I've been watching television a lot in recent days.
A documentary film series on Vietnam and images covering what happened at Little Rock Central High 60 years ago have been riveting for me. Though they are mostly sights and subjects I have observed and taught about countless times, I have nonetheless been transfixed.
It is fitting that we are re-viewing the Vietnam War through the medium (and filter) of television (in this case the masterful and searing PBS documentary series by Ken Burns and Lynn Novick) because the media played a central role in informing and influencing the American public about that controversial and costly war.
And it was 60 years ago this week that Little Rock became synonymous with opposition to school desegregation. That resistance branded Arkansas as a segregationist stronghold. What occurred in Little Rock became a landmark in American history. It was one of the first civil rights controversies to receive extensive on-the-spot television coverage when Gov. Orval Faubus called out the National Guard to prevent nine black students from entering school at the beginning of the fall 1957 term.
As many as 300 journalists were involved in coverage of the Little Rock events. Author and journalist David Halberstam said Little Rock became the prime example of television's growing impact on social change. The Little Rock story was "the first all-out confrontation between the force of the law and the force of the mob, played out with television cameras whirring away in black and white for a nation that was by now largely wired."
Photographic and televised images of frenzied men and women near Central High protesting desegregation -- in some cases harassing and threatening the black students seeking to enter the school -- were seen around the globe. It marked the beginning of the visual element in civil rights coverage. The apex of coverage came on September 25-26, 1957, after President Eisenhower announced on national TV he was ordering the use of troops to protect the black students entering the school.
Anyone with Arkansas connections could expect that the subject would come up regardless of where you were. In my case, that included my students when teaching in Kenya.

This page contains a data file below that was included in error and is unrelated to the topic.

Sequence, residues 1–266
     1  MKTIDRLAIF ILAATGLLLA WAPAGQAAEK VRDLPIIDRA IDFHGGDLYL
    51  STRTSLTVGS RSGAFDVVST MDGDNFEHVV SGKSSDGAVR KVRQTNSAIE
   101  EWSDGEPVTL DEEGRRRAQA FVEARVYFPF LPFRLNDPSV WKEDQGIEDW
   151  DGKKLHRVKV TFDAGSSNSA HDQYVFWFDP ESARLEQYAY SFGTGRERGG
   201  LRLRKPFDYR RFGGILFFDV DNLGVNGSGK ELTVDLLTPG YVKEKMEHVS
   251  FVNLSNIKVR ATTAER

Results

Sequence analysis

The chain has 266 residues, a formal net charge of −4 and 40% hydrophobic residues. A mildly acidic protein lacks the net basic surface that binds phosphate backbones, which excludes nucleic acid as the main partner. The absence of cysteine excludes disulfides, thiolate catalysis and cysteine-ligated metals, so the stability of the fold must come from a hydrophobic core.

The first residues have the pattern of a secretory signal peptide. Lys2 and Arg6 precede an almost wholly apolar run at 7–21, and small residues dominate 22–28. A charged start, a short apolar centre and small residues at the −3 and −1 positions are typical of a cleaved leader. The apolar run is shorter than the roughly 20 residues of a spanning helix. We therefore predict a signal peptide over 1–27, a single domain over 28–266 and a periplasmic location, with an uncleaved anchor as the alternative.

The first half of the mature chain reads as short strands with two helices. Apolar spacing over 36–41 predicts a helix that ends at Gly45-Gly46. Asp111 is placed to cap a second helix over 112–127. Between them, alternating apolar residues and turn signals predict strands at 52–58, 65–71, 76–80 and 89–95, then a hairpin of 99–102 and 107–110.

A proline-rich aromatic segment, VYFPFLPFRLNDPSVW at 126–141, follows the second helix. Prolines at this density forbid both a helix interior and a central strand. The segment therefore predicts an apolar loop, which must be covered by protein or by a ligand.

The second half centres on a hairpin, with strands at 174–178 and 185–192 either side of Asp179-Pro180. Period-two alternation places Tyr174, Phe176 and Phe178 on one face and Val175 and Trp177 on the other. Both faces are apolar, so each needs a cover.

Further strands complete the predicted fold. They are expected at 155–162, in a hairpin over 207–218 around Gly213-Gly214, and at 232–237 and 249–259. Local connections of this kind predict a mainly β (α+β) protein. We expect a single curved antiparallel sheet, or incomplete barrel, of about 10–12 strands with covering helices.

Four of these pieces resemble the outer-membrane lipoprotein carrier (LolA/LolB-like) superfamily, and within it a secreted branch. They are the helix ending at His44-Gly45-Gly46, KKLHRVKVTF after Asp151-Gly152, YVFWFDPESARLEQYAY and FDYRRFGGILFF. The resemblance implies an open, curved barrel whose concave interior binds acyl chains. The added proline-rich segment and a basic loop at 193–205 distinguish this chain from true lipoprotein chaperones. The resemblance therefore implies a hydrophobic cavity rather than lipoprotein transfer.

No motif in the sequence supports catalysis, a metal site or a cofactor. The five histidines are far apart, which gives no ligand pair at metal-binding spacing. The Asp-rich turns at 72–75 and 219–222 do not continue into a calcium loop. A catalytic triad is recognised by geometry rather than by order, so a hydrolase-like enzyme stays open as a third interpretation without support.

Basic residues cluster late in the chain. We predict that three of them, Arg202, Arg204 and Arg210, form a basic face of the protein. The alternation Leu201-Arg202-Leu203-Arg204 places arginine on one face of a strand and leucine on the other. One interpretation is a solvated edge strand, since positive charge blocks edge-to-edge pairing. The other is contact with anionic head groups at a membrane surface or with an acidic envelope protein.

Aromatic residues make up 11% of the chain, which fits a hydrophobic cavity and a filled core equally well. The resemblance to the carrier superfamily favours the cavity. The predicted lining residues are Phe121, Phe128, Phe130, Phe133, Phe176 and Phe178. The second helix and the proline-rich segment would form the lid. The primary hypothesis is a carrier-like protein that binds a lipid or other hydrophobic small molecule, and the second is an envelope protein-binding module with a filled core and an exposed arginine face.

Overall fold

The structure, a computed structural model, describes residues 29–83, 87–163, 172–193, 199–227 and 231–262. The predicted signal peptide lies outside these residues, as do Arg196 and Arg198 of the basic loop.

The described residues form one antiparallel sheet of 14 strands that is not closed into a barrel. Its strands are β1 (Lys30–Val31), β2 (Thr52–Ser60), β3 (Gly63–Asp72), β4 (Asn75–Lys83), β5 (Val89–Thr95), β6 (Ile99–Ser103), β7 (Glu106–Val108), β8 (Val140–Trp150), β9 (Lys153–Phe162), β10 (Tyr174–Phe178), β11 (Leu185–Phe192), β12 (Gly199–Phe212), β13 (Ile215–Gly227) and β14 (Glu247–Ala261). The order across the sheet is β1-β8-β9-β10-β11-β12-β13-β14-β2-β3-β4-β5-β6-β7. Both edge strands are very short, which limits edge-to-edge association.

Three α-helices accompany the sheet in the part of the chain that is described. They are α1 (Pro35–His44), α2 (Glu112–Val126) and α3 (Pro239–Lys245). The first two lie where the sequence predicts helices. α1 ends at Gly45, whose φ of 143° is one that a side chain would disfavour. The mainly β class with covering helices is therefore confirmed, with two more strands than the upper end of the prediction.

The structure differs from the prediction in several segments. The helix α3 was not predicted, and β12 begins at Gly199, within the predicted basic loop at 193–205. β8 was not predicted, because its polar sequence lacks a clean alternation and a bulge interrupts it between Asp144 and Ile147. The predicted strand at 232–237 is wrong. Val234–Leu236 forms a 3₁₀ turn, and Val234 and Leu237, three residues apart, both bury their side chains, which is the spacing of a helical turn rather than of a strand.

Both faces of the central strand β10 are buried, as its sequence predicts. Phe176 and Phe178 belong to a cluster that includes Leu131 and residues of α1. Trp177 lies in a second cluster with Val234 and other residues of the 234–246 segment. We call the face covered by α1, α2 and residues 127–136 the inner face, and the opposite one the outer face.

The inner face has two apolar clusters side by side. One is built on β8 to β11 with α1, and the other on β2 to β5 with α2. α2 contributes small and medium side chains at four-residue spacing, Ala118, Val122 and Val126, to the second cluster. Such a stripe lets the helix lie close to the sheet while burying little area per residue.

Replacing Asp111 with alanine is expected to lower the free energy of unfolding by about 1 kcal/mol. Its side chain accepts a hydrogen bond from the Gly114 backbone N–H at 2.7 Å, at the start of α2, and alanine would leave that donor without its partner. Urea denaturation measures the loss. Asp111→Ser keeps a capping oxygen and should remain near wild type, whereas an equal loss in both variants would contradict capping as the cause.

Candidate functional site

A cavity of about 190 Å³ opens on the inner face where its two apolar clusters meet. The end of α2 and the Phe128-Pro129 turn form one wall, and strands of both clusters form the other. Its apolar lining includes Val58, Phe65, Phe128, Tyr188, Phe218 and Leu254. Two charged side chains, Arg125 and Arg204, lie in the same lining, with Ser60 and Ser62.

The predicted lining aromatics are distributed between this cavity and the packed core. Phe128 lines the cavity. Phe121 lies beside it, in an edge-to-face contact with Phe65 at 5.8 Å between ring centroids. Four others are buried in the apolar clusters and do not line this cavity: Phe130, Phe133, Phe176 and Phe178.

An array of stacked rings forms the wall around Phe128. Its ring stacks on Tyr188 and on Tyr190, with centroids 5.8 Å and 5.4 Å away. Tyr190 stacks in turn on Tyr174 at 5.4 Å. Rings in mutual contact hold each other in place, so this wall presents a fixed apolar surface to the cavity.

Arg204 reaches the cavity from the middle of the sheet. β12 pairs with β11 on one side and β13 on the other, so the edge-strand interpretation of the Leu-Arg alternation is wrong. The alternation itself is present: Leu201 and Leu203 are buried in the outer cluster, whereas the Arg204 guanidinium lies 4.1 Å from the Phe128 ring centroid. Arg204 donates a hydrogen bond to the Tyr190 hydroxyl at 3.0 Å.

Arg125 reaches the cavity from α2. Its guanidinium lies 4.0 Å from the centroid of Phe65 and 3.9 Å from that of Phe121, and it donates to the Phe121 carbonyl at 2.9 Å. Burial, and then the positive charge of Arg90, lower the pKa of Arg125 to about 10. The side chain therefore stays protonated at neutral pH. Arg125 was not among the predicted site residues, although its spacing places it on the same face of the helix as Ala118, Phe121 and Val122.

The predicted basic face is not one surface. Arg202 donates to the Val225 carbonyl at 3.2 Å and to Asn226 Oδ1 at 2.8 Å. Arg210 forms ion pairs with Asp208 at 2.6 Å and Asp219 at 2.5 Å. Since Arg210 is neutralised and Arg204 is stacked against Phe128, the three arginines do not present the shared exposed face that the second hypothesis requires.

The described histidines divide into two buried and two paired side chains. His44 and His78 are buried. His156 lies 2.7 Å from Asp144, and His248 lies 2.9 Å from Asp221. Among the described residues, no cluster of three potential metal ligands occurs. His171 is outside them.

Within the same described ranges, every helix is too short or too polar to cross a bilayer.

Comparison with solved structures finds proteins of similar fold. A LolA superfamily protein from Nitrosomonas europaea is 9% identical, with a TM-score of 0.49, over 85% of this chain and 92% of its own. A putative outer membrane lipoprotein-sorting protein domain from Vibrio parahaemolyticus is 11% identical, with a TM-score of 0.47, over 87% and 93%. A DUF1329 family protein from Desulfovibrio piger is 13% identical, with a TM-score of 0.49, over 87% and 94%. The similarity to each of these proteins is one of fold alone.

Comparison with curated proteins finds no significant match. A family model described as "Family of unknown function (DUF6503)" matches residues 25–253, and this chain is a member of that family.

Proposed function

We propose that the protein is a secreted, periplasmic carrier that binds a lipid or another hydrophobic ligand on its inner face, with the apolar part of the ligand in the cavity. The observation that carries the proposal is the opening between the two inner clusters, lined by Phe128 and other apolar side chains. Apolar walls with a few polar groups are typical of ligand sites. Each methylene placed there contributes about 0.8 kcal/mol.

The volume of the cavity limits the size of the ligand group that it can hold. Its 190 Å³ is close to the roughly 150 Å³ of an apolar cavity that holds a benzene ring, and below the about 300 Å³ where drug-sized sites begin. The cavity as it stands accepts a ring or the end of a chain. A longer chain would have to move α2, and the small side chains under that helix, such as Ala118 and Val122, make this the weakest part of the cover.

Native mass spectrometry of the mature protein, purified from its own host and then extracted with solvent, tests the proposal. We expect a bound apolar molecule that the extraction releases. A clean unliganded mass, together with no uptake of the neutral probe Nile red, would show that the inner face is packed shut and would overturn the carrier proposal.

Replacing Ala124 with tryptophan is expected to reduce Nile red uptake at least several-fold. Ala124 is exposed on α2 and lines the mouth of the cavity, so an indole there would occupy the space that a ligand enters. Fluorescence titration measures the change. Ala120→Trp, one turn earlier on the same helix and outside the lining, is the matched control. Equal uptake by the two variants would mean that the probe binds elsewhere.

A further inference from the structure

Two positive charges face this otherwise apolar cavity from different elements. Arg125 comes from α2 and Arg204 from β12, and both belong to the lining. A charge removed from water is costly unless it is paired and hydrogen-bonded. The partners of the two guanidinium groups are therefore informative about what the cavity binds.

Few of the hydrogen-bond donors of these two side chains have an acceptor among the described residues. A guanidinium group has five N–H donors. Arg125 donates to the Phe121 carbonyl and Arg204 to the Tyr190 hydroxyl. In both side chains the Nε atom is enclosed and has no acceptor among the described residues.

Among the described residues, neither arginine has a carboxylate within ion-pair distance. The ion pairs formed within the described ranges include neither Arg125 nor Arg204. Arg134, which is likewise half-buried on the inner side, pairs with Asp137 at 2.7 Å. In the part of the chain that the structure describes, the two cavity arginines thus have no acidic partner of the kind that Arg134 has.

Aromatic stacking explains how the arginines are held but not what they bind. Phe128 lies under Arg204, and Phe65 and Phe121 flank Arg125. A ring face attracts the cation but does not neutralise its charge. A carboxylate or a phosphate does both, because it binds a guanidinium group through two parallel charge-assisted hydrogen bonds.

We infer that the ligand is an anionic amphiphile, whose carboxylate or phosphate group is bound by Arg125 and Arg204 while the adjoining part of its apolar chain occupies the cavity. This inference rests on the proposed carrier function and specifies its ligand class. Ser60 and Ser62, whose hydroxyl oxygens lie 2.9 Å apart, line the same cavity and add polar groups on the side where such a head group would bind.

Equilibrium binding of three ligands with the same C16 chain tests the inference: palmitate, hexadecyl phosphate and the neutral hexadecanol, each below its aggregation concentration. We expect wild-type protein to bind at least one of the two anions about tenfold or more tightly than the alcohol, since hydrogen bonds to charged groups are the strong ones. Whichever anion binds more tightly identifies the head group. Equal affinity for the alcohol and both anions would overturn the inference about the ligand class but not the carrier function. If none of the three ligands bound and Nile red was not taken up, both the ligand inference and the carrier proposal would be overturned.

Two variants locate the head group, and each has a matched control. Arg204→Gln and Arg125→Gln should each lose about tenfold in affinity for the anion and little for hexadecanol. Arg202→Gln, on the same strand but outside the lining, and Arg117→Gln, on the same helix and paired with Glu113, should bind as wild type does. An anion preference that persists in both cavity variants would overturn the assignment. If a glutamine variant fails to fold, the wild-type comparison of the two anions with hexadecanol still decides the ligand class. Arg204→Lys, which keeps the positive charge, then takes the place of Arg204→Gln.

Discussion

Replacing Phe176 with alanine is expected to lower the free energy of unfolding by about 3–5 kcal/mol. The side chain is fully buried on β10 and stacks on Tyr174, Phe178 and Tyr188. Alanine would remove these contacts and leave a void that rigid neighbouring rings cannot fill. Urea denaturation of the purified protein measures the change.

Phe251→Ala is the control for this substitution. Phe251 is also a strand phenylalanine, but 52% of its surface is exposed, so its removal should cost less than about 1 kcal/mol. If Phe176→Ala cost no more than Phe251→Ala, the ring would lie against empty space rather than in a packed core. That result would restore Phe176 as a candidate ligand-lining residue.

Three Pulitzer Prizes and other honors were awarded for journalistic excellence and courage on the Little Rock story. The Arkansas Gazette, which strongly opposed Faubus on this issue, won a Pulitzer for public service.
I wrote my master's thesis on "Little Rock and the Press," and interviewed some of the journalists involved in the coverage. Relman "Pat" Morin, a veteran Associated Press correspondent previously awarded a Pulitzer for coverage of the Korean War, won a Pulitzer for his reporting of the Little Rock events. He told me, "It was like being in the front row of a theater, watching a vivid and terrible drama." At one point, he was in a phone booth dictating his eyewitness account to the AP bureau when protesters began to try to tip the phone booth over with him inside until police restored a measure of order.
I also interviewed Faubus, who insisted that he had acted to maintain peace. And he was highly critical of some of the national media coverage. It is true that some coverage was painted with a broad bush -- as Bob Douglas, who had been part of the Gazette staff, said, Time magazine's coverage "painted Arkansas as a bunch of uneducated bigots."
Controversy over desegregation came to dominate Arkansas politics for more than a decade, with Faubus becoming politically invincible in the governor's office. I should note that as a teenager I served as chair of "Youth for Cherry," supporting incumbent governor Francis Cherry, a family friend and neighbor in Jonesboro. In 1954, Cherry was upset in his bid for re-election by Faubus. Earlier that year, following the Brown decision, Cherry said, "Arkansas will obey the law. It always has."
The Vietnam series deals with many different perspectives, Vietnamese and American, and commendably and deservedly focuses on those directly involved in that tragic conflict. The first episode emphasized the importance of understanding another nation's history, culture, language and its own nationalist fervor. American policy-makers had minimal knowledge about Vietnam and originally the public paid scant attention.
But there were several young journalists who saw a burgeoning credibility gap, as did Arkansas Sen. J. William Fulbright, chairman of the Senate Foreign Relations Committee, who originally deferred to President Johnson on Vietnam, but was increasingly concerned about the escalation of the U.S. role, and didn't see Vietnam as a vital American interest. In 1966, he began holding hearings, which drew national TV coverage and raised awareness of what was occurring in Vietnam. I joined Fulbright's staff not long afterward and sat through dozens of hearings in which administration officials made misleading statements about the status of the war and "light at the end of the tunnel,"
TV images from Vietnam gradually awakened the American public, although there was sharp division over our continuing involvement. The beginning of the end came when highly respected CBS news anchor Walter Cronkite visited Vietnam after the 1968 Tet offensive and reported, "We are mired in a stalemate." Still, it was seven years before the war ended.
For me and for many, what occurred in Little Rock and the Vietnam War were defining events that won't fade away. Television played a central role in providing views of those events. There is much to remember and learn from the TV re-views.
Commentary on 09/27/2017
Print Headline: Televised lessons from the past